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Christian Union Hosts Alumni Panel Discussion

by tom campisi, managing editor


PanelMagWinter2019Being a leader with Christian Union at Brown helped Ayisha Jackson make a smooth transition to urban missionary when she graduated in May. Jackson, an engineering major, said the ministry’s emphasis on a seeking-God lifestyle and rigorous Bible study prepared her for her work with Renaissance Church in Providence, Rhode Island.

Jackson returned to campus in the fall as a participant in Christian Union’s Life After Graduation panel discussion, which included three other members of the class of 2018 who are active in vocational ministry at Brown: Gianna Uson, an intern with Christian Union; Isaac Whitney, an intern with Athletes in Action; and Katie Hay, an intern with InterVarsity.


Panel members talked about the benefits and challenges of life after college, the importance of being part of a church community, and the role faith plays in their lives. For Jackson and other panelists, being active in vocational ministry may not have been part of their plans when they came to Brown four years ago, but they talked about being open to God’s will and trusting in His providence.

“We discussed seeking different opportunities to grow yourself in a particular ministerial calling full-time after college,” Jackson said. “Even if it’s temporary, it will still contribute greatly to your spiritual life and walk with God for years to come, which is something a few of us attested to already experiencing.” Uson, the moderator of the panel, concurred with Jackson. The computer science major from Hayward, California, joined the Christian Union at Brown team this summer. “I told the students that it’s good to have dreams, goals, and maybe even a five-year plan, but to hold to these things loosely and be open to whatever God has for you. Know that God can change your plans and trust that He has your best interest in mind,” she said.

PanelMag2Whitney, who graduated with a degree in economics, encouraged the students to trust in the Lord, beyond their abilities and dreams.

“As Ivy League students, it’s pretty natural for us to shoot for the stars and work our butts off for certain prestigious careers,” he said. “That was certainly my mindset, and still is to an extent at times. It is a rite of passage to load up your schedule with various extracurriculars and résumé-builders. But real Christlike strength is having the ability to surrender all our plans to God’s will and understand that God’s ways are better than ours, and so are His plans.”
“Real Christlike strength is having the ability to surrender all our plans to God’s will and understand that God’s ways are better than ours…” —Isaac Whitney, Brown ’18 Click to Tweet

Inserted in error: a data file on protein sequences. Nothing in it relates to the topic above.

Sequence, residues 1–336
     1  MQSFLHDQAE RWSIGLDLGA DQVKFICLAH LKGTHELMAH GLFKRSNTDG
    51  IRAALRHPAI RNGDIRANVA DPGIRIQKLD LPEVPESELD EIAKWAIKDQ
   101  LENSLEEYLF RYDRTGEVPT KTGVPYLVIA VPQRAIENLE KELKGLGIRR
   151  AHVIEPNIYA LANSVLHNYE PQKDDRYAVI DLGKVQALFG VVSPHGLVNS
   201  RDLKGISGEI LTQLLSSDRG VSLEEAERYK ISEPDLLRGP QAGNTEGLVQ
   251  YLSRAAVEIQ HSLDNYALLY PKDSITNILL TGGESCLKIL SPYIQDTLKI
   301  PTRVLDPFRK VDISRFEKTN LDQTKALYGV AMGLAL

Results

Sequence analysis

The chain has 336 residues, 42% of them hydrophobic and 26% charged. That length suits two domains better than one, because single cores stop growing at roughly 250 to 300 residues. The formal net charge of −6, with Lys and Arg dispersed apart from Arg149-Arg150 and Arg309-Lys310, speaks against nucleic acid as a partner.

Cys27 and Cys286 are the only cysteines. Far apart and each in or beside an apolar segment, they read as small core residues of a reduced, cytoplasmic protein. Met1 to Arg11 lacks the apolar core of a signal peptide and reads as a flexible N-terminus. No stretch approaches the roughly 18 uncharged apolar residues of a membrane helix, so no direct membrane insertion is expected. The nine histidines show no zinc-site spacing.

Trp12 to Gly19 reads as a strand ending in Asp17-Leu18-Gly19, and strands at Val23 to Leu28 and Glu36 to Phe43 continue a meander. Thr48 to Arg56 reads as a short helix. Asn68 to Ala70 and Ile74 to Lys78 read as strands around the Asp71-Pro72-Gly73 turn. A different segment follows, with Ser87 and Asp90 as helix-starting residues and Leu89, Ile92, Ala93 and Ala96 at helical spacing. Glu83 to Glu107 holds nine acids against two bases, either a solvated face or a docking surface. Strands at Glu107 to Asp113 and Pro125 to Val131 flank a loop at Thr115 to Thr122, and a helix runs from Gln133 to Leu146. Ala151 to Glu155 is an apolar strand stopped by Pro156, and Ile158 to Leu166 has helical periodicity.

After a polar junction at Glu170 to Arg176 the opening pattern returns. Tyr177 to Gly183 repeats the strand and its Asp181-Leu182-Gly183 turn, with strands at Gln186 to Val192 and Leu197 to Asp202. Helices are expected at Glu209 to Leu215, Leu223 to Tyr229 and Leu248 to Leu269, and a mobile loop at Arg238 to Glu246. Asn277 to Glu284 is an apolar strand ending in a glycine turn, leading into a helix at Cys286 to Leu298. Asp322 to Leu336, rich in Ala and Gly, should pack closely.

Whitney also stressed to the students that, although hard work is still required, “our ultimate identity and sense of worth must come from Christ.”

“We must learn to trust in Him wholly. I never planned to be doing what I am now, but I am so incredibly thankful that God brought me into this position.” Justin Doyle, a Christian Union ministry fellow at Brown, said the alumni did a great job. “I was proud as I sat and listened to the wise counsel of these recent graduates of our ministry—they are proof that God has certainly been at work here at Brown,” he said.

Whitney, Uson, and Jackson were integral members of Christian Union at Brown when the ministry was in its formative stages four years ago. Each credited Christian Union for the role it played in their spiritual formation. “My time at Brown would not have been the same without Christian Union,” said Uson. Click to Tweet

“Christian Union gave me a community of believers who loved and encouraged me to see God in everything and keep my hope in Him. Christian Union also helped shape my worldview—including life, work, and community. Through Bible courses, ministry fellows, and my peers, I learned to see the value of my studies, interactions with people, and everything big or small as intimately tied to God’s will for me to be a reflection of Him and His plans for restoring the world.”

Whitney reflected on how valuable it was to become part of a Bible course in his freshman year. He appreciated the close-knit nature of the small group and how Christian Union helped him make “huge strides” in his faith walk.

“I really learned how to read and study the Bible unlike before,” he said. “I was given opportunities to lead Bible studies and pose certain questions and challenges, which has helped prepare me for the leadership role I’m in now. More tangibly, I have found myself consulting old Christian Union resources I was exposed to as a student. Even now, I meet with CU at Brown’s ministry fellows (Matt Woodard, Justin Doyle, and Laurel Copp) and get advice and resources from them.”

For Jackson, the culture at Renaissance Church, which includes an extensive daily devotional and prayer time, is similar to that of Christian Union at Brown. She also noted how a summer trip to Israel, organized by Christian Union, and the ministry’s rigorous, academic approach to Scripture have helped the Bible come alive.

“I have been able to sustain a thirst for the Word,” she said. “[Freshman year] I was excited about how much I was learning, and how much encouragement I was getting to look at the text and concepts of the faith through historical, theological, socio-economic, and cultural lenses. Christian Union taught me how to seek after truth and revelation in God’s Word.”